We know these things can happen when kids go online. But not our kids. So let's just say "We heard about a child who ..."
For more and more Aussie kids, this year’s back-to-school backpack will include a school-mandated device - and more and more of their classroom time will be spent on a screen. How concerned should we be?
When’s the last time you had a conversation with your teenage son about what it means to be a caring, respectful sexual partner? Or what “consent” means - and how alcohol affects it? Or how catcalling girls, or referring to them as ...
Last year's summer holidays posed big dangers for kids online. Even when they didn’t go looking for trouble, Family Zone figures show, trouble came looking for them. This year’s numbers are expected to go even higher.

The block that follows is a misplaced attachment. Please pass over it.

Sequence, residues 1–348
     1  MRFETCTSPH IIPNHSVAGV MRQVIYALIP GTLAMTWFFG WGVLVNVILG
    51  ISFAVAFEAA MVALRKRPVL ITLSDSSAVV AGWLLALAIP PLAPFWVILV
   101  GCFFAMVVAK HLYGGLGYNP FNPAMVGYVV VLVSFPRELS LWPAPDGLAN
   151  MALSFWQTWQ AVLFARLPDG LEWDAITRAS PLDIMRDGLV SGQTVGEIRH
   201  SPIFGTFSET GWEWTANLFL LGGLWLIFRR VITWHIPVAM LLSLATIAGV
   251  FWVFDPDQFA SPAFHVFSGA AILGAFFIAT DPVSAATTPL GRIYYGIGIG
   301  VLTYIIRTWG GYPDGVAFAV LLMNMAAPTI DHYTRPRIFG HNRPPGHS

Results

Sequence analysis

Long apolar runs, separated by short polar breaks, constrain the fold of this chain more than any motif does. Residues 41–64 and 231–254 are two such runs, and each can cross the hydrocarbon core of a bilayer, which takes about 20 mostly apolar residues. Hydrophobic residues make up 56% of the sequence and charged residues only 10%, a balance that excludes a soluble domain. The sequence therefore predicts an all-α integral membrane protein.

The amount of child exploitation material online has doubled in the past year. What on earth is going on?
Experts are 100% in agreement on this one. The most effective “parental control tool” is open communication. But how, exactly? We've hunted down the top tips for getting it right - and school holidays is the perfect time to start.
He was only in Year 12 but had already been struggling for many years with pornography. In his own words, he believed himself to be addicted. Over the years, he told me, the material he was viewing gradually became more and more intense ...
Like it or not - and most parents absolutely hate it - sexting is a fact of life for today’s young people. And acknowledging that uncomfortable truth has prompted the Australian Medical Association (AMA) to take action.
Mobile devices - smartphones that slip into a backpocket and tablets that tuck into schoolbags - have allowed kids to inhabit a digital world largely invisible to the grown-ups - and seemingly impossible to supervise.